This week’s Top Ten
Tuesday Thursday list was actually suggested last week by The Broke and the Bookish:
Top Ten Book Turn-Offs (thanks to Michelle for this idea! You know..you are reading and then SOMETHING happens to completely turn you off — cheating, absent parents, multiple POVS etc.).
Oh my. I always try to play nice, but this kind of prompt brings out my inner reading/writing snob. OK, then, the gloves are coming off…but I won’t name any names. 😉
Not long ago, I had a policy that I would always finish any book I started–well, at least, I’d intend to. (It would never come off of my “reading” shelf, even if the bookmark hadn’t moved for years.) But recently, with my to-be-read Goodreads shelf growing exponentially, I realized something.
No longer would I chain myself to an interminable abomination of dictionary refuse. If a book meets one of these ten deal-breakers, it now finds itself on a new shelf: banished (to the back of a closet. I still can’t ever get rid of books.).
1. Bad writing.
Zoidberg won’t let it slide, either.
I can’t help it. I may care more about the way you’re saying something than what you’re saying. Like I’ve said before, good language can save a bad story, but bad language can ruin a good one. It’s about the journey as much as the end. You can chalk this up to my obsession with grammar and vocabulary. I’ve gotten even more picky since my writing program at DePaul, but this has always been a #1 make-it-or-break-it point. I can usually tell within one page if I’m going to like the writing.
2. (Only) weak female characters.
This one should not be a surprise, considering how much I love strong female characters. What may surprise you, though, is that qualifier–“only.” I actually am okay with one or more weak female characters being in a book IF AND ONLY IF their weakness is meant to portray a negative, especially in opposition to a strong female character. For instance, if a society prizes weak women, but the lovable heroine is strong and transcends–and preferably changes–that (stupid) society, that’s okay with me.
3. Obsessive love.
This one actually was a surprise to me when I finally realized it. I’ve always been, and still am, a romantic. The best stories have a love story in them–but, I realized, that’s not all they have in them. I think the best love is one that makes you stronger, better, more balanced–not one that is all-consuming. I also think that love has to make sense; it’s not instantaneous, and it’s not equivalent to lust. I think we’ve all learned those things the hard way, whether through personal experience, through watching friends in their PDA vacuums, or reading books with few pages between descriptions of longing. Some people can’t get enough of non-stop romance, but I still haven’t found an example of this that I like. My new blog friend Canary the First just wrote a list of suggestions for me to try, located on the comments of my “Banned Books Week Fun” post, if you’d like to check it out. By the way, somehow, I’m slightly more tolerant of obsessive love in movies than books, but NOT IF IT CAUSES A #2–on this list, that is. (Ahem, a weak female.)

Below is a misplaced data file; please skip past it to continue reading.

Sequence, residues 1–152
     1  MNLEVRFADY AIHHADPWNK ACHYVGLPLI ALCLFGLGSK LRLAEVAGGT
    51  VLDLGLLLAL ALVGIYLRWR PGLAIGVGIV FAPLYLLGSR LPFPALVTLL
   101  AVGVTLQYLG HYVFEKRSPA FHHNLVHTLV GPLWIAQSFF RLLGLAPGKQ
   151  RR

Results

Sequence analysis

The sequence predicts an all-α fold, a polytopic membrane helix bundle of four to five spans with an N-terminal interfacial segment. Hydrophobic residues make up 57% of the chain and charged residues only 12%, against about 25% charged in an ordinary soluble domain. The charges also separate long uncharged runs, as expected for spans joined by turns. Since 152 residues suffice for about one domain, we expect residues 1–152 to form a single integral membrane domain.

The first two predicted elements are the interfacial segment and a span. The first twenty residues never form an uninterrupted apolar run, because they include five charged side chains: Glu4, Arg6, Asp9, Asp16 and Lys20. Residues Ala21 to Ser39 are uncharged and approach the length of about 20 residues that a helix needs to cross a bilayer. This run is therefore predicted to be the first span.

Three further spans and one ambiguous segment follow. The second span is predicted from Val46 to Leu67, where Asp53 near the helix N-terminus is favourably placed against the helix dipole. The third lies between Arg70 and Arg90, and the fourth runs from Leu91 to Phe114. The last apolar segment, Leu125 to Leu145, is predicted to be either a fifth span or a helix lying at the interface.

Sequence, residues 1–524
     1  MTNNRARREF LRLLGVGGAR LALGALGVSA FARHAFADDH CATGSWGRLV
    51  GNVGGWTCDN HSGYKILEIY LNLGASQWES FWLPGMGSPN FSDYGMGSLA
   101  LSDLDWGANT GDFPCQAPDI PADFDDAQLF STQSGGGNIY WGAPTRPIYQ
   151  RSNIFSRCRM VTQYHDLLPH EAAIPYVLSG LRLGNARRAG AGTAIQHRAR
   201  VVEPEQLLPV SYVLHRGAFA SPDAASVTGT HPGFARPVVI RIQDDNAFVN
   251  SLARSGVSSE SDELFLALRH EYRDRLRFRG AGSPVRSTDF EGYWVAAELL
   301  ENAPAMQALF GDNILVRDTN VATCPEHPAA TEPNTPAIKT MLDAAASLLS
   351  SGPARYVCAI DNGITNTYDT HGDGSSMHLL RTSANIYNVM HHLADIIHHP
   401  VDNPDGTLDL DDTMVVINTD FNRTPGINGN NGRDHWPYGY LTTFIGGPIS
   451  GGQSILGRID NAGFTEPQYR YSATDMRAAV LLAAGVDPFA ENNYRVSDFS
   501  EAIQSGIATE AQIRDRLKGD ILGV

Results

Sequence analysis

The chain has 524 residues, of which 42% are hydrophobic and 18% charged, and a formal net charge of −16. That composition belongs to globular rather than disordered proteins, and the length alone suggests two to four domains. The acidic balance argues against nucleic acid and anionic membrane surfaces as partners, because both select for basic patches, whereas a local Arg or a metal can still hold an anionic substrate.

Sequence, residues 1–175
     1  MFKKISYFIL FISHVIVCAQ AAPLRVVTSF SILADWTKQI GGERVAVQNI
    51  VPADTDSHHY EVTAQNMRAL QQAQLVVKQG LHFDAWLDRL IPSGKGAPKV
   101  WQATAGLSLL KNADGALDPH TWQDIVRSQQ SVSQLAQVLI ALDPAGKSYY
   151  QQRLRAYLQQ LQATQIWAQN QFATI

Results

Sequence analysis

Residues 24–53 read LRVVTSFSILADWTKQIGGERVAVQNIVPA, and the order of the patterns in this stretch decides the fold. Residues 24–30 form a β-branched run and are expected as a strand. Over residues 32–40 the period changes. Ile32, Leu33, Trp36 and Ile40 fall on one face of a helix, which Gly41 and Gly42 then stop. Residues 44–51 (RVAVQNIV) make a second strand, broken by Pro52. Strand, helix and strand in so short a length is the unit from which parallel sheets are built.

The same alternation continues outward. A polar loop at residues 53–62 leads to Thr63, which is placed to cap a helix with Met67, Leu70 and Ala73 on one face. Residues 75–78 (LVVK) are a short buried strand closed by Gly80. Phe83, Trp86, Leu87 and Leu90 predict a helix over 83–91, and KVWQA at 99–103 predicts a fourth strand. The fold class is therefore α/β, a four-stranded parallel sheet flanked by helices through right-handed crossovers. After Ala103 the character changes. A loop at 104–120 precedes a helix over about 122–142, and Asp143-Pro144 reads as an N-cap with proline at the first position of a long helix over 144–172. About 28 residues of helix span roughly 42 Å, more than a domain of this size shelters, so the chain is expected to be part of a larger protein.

4. Unjustified disturbing violence.
I’m pretty squeamish when it comes to violence. I’ll always close my eyes during a movie and wait for someone to tell me when that part is over. I’ll sing “LA LA LA” over violent parts in audiobooks so I block out most of it, and I’ll glaze over the sections in printed books. Forget about horror movies and gory horror books (though I’ll still read psychological horror, sometimes, if it’s creative and I’m feeling brave). When it comes to violence, I feel it must be justified. It’s really not that different from #3; anything intense needs to make sense and have a place. The Hunger Games was very hard for me to get through, especially the last book, but I felt like the violence was an integral part of the story; it wasn’t just there to be sensational.
5. Static characters.
When you go through life and learn things, you should change, right? No one is born perfect; that’s what makes us human. So books should be the same, in my opinion. Even if the characters aren’t human, they will annoy me if they never change. My favorite type of book is one where characters surmount their challenges and become heroic because of it. Also, the opposite reaction to those same challenges is ripe potential for some great villains.
6. Annoying narrator–text or audio.
I like to think I am a nice person who’s tolerant of people different than me, even if I’m not their biggest fan. But if I’m going to have to listen to someone talk for 400 pages or 10 hours, I’m sorry, but I have to like you. If I’m annoyed by the character, usually by some unredeemed, unchanging trait (mean, airheaded, etc.), I do not want to hear what you have to say; I do not want to see the world through your lens. As for audiobooks, I prefer readers who are a medium on an enthusiasm scale. Zany can be overwhelming, and boring is, well, boring.
And, for the ultimate example of a narrator mismatched to a text, witness Gilbert Gottfried reading excerpts of 50 Shades of Grey. Warning: NSFW, rated R, and hilarious.